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General information: Maltose (malt sugar) is a disacchride formed from two molecules of D-glucose. Maltose is the basic molecule of starch. In foods, it plays only a minor role. However, it accumulates in large amounts in the body during digestion of starch. The enzyme β-amylase cleaves starch to maltose units. Maltose is produced also in the process of germination, thus fresh seedlings contain lots of this sugar. The production of maltose from germinating cereals, such as barley, is an important part of the brewing process. Therefore beers contain maltose, too.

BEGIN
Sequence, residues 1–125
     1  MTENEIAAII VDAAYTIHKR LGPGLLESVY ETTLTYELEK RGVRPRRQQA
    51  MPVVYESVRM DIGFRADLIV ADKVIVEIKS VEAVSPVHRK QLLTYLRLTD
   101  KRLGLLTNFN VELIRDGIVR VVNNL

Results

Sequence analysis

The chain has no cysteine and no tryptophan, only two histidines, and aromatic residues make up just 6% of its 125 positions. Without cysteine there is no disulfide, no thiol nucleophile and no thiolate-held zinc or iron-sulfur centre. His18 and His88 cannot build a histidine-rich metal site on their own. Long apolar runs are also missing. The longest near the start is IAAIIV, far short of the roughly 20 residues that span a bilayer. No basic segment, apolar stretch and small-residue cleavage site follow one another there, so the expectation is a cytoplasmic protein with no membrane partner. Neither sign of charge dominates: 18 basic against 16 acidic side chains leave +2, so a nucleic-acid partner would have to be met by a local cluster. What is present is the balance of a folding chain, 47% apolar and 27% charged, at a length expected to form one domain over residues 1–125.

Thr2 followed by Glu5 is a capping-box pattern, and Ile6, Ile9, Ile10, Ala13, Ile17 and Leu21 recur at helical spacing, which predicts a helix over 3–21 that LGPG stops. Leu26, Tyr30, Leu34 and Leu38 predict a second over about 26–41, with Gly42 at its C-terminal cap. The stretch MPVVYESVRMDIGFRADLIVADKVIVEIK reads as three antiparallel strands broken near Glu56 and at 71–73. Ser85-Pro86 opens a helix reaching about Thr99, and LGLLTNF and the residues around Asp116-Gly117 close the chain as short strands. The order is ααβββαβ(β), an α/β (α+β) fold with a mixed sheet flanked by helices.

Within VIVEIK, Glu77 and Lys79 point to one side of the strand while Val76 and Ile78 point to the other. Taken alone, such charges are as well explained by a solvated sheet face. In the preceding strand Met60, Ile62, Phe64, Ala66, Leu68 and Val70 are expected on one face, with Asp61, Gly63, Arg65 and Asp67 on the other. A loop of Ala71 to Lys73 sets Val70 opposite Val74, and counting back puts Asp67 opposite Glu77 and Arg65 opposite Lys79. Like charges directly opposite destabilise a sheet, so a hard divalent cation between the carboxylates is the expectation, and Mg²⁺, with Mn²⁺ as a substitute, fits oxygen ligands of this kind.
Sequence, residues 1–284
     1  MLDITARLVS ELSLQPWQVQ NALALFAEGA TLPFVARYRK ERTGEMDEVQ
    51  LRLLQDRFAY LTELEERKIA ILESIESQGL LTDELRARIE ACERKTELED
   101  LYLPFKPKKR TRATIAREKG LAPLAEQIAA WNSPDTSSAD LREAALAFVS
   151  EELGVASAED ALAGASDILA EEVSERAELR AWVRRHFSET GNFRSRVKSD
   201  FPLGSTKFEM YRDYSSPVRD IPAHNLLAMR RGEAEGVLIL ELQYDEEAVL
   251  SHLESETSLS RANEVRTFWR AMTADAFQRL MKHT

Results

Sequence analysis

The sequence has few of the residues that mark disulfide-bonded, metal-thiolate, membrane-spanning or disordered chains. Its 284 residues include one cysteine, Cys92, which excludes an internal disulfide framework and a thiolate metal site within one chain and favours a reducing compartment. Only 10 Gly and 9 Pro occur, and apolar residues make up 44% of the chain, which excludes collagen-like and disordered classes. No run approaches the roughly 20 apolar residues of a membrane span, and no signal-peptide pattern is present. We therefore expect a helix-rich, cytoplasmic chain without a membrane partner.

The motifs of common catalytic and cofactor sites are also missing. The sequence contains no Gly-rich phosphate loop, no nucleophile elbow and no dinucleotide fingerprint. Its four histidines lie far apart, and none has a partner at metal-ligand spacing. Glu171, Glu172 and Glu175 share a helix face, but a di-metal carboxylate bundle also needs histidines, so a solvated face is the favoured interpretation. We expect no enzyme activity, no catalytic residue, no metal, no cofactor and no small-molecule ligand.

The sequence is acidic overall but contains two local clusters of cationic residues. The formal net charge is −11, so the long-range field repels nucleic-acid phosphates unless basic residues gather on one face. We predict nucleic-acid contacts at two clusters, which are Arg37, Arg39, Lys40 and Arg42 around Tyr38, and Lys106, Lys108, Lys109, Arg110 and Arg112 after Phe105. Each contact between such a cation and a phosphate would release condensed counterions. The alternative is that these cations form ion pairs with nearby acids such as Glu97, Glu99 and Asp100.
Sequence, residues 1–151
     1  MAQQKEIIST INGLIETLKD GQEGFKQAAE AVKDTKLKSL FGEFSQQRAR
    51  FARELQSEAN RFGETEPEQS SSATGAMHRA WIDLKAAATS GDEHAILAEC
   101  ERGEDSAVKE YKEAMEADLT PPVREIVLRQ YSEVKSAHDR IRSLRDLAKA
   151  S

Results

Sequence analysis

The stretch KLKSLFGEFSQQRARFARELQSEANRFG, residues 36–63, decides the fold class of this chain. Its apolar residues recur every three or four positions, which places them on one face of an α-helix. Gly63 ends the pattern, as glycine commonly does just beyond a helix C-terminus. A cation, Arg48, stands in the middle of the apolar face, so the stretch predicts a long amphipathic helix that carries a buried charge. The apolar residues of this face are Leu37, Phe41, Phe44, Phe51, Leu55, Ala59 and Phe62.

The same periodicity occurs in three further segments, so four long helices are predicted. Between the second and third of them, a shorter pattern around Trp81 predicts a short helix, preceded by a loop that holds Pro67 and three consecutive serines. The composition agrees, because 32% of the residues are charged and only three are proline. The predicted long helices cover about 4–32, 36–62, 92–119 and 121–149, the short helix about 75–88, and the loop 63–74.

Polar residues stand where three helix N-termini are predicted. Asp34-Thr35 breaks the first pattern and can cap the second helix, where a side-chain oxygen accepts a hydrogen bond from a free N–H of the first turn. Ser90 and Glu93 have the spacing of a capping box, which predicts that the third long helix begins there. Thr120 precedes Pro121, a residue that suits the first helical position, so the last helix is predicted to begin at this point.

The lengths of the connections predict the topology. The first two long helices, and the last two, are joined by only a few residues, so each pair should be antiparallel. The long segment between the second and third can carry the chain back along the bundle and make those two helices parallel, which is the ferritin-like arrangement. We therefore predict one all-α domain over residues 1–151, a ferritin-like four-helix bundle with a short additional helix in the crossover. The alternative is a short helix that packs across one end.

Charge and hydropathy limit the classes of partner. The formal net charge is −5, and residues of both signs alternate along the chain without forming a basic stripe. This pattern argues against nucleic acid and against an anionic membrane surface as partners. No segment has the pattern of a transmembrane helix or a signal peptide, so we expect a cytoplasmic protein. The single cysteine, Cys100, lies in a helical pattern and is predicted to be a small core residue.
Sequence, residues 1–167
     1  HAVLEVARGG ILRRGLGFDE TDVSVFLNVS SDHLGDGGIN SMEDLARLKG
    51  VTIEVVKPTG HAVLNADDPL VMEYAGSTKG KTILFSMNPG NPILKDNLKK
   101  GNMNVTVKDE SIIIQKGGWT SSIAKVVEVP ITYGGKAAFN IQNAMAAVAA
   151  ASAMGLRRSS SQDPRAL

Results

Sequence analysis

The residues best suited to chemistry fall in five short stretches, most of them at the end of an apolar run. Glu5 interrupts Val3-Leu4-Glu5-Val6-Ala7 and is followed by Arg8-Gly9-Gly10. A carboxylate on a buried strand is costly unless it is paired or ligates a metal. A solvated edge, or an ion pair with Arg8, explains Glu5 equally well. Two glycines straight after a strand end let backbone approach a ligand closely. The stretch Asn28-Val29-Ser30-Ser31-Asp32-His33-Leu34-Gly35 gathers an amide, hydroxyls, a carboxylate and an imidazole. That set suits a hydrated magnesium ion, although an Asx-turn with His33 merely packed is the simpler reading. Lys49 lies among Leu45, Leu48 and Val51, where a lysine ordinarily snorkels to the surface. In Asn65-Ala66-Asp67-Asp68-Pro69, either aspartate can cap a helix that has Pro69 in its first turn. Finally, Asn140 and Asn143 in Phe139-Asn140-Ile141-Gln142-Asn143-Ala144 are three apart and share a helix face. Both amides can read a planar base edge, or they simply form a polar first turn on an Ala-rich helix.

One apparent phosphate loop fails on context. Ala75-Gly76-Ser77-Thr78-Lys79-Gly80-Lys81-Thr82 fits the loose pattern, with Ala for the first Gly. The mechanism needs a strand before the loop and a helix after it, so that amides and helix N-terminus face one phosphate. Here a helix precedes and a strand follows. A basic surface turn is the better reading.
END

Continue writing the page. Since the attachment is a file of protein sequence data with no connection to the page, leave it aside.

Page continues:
Dietetics: There are no disorders of metabolism known concerning maltose. Foodstuffs contain only small amounts of maltose. Diabetics should be careful drinking malt beers, however. Maltose is able to rise the blood sugar level instantly, as the enzyme maltase in the small intestine cleaves it into two molecules of glucose.
Chemistry: The disaccharide maltose is a white, crystalline powder, it
has the elemental formula C12H22O11. The two glucose molecules are bound to each other in an α-glycosidic bond. Maltose is soluble in water, its taste is sweetish. The sweetening intensity is only 30 to 50% of that of sucrose.

Usage: Malt sugar tastes like caramel; it is used for bakeries, soft drinks, sweets, alcoholic drinks, and infant food. Furthermore, maltose is used to produce the sugar substitute -> maltitol that is added more and more to sugar-reduced or sugar-free products.